What is a Private Company?
Is a 'private company' structure right for your business?
Want to open a coffee shop but don’t know how to go about it? Converting an idea into a business can be a daunting task in the beginning. Especially when you have different structures to choose from. You could trade in your own name, register a business name, form a partnership or register as a company.
When starting a new venture, company registration can seem like a daunting and drawn-out process. But in reality, setting up a company can be a simple and stress-free experience that offers greater legal protection. With LawPath you can register your company in 3 simple steps in just 5 minutes!
What is a private company?
A private company or a proprietary company, simply put, is a separate structure from you, as an individual. As the name suggests, a private company is an entity with private ownership i.e. shares are held by friends, family and colleagues. A private company is the most popular company structure in Australia. According to ASIC, as of November 2015, there were over 2.2 million proprietary companies, representing 99% of all registered companies.
For example: Adam and Brian want to open a coffee shop. They pool in money to run the coffee shop. One way in which they can run this coffee shop is by setting up a private company. For eg. AB Coffee Co. Pvt Ltd.
Is a private company regulated?
All private companies are regulated by ASIC. To qualify as a private company, you will need to satisfy the following basic requirements:
- You must have share capital;
- You must have at least one member/shareholder;
- You are limited to a maximum of 50 non-employee shareholders; and
- The company must have at least one director.
As a private company, you cannot offer shares or raise capital from the public.
For example: Adam and Brian would satisfy these requirements by becoming shareholders, appointing a director and purchasing shares in AB Coffee Co. Pvt Ltd.
How is a private company different from a public company?
Unlike a private company, a public company can offer shares to the public at large. A public company can also be listed or unlisted. Public companies can raise capital by offering a prospectus inviting people to invest. A private company on the other hand cannot call for funds from the public.
For example: AB Coffee Co. Pvt Ltd. cannot raise funds from the public. If the business needs more capital, Adam and Brian can only approach other employees or invest in their own money. AB Coffee Co. Pvt Ltd can also seek investment from certain class of investors like venture capital funds or angel investors but there are restrictions on advertising these offers.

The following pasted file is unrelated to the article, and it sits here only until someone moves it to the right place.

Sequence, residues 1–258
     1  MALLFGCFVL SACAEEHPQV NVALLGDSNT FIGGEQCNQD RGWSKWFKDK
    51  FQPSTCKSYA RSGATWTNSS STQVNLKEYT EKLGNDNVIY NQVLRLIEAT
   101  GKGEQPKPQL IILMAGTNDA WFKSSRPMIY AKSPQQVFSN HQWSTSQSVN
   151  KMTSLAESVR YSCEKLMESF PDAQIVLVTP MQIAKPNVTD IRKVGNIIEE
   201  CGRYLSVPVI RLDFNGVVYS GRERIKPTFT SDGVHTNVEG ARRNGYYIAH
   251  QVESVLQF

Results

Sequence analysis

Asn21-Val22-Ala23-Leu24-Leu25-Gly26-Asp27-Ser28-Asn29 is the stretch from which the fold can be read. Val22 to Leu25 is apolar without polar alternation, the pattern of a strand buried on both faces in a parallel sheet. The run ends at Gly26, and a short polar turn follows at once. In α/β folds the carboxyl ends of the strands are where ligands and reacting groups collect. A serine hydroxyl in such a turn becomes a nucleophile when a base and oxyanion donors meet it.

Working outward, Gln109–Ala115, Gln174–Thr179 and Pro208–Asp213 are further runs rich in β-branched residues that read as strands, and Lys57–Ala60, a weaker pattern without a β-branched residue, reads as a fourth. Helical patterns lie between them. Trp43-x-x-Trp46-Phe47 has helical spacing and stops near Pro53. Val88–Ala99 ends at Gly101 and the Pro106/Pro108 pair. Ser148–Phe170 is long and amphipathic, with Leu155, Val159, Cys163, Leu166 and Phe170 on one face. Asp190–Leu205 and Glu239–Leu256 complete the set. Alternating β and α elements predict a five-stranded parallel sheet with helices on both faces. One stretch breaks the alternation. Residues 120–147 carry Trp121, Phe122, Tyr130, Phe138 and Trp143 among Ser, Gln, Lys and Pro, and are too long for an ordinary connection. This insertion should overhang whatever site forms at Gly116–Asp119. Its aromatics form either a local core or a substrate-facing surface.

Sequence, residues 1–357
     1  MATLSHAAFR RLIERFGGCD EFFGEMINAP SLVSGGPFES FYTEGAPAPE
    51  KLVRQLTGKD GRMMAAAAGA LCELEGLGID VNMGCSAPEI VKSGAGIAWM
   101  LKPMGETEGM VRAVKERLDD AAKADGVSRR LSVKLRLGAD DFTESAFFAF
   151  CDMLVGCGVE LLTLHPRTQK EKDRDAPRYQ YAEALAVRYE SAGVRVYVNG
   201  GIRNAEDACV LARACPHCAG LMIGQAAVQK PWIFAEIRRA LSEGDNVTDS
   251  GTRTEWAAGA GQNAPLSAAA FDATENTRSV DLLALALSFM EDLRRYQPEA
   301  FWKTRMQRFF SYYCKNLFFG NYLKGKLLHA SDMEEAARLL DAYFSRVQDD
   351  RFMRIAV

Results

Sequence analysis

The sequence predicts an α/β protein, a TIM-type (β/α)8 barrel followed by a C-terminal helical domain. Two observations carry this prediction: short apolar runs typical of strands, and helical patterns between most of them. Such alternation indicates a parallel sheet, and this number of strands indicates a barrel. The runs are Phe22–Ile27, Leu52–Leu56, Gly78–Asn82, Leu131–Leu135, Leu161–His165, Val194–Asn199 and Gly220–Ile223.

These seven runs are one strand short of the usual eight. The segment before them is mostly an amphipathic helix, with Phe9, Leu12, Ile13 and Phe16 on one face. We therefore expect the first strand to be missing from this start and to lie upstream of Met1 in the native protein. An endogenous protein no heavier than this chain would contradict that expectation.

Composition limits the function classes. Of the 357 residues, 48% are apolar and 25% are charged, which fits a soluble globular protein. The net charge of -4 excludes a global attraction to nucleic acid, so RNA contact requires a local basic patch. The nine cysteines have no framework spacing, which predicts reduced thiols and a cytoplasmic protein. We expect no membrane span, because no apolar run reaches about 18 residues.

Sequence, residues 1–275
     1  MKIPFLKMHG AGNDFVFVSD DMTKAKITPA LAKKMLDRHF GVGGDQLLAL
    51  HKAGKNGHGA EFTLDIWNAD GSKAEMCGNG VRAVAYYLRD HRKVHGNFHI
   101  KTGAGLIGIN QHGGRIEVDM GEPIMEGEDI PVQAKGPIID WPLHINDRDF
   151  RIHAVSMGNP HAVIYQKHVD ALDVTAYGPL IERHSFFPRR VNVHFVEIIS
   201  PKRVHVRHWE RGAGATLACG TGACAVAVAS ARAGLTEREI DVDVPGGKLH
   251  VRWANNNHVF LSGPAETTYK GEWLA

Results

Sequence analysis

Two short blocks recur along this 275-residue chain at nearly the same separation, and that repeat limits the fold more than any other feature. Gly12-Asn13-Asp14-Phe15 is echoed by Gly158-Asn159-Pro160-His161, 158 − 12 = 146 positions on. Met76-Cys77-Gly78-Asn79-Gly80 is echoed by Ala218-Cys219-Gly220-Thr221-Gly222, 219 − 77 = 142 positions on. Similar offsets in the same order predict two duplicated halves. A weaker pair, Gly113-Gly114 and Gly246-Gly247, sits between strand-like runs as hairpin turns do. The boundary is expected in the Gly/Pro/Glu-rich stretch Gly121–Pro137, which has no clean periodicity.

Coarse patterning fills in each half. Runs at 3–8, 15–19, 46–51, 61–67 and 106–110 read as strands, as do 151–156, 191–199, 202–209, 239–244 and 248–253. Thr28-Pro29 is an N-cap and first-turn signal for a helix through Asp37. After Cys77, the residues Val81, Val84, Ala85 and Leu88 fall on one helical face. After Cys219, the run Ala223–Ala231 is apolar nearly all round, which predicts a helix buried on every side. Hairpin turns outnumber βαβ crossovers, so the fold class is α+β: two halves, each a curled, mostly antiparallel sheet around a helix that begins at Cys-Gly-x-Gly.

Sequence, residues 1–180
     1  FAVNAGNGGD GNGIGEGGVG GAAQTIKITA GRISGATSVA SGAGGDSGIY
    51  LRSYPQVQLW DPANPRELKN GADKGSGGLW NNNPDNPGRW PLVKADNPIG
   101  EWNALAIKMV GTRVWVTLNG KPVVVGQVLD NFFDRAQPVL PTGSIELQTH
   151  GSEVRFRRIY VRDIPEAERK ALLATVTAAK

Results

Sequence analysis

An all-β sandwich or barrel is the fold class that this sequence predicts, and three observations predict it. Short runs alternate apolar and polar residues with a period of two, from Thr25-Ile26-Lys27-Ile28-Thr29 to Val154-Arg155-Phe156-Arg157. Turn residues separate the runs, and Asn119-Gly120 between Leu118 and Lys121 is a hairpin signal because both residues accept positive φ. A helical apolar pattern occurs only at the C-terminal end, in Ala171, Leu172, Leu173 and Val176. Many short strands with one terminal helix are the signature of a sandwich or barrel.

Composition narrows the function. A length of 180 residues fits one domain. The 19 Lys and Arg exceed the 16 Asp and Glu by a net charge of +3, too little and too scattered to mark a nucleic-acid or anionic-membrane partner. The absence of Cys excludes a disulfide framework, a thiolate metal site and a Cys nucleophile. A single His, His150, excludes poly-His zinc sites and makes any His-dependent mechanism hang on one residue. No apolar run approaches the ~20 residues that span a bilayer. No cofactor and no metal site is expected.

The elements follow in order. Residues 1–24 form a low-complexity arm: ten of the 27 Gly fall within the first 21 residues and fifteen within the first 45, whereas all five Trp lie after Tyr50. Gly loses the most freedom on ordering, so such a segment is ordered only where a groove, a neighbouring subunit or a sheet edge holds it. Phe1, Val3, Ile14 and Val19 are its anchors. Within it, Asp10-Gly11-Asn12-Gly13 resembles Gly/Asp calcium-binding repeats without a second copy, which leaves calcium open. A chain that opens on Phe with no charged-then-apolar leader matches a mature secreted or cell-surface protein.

Are there different types of private companies?
A private company can be a:
- Small proprietary company: with consolidated gross operating revenue of less than $25m, consolidated gross asset value of less than $12.5m, and fewer than 50 employees; or a
- Large proprietary company: with revenue, assets and employees greater than a small proprietary company.
Benefits of a small proprietary company
- No requirement to audit or file financial statements;
- No requirement to hold an annual general meeting;
- No requirement to file a copy of the constitution;
- There is no requirement to have a company secretary; and
- Directors can vote on matters where there is personal interest being considered unlike a public company where directors cannot be present when a personal matter is being heard unless approved.
Are you ready to register?
Company registration is simple and stress-free. Apart from the benefits of limited liability and a lower tax rate that a company structure has to offer, the legal requirements of a private company are streamlined with many advantages that sets it apart from a public company.
Ready to register? Contact a LawPath consultant on 1800LAWPATH to learn more about customising legal documents, obtaining a fixed-fee quote from our largest online network of expert lawyers or to get answers to your legal questions.
Nishita is a paralegal at Lawpath working in our content team, which works to provide free legal guides to enhance public access to legal resources. With an Investment Banking background and a keen interest in Corporate and Commercial Law, her research focuses on small and medium-sized businesses.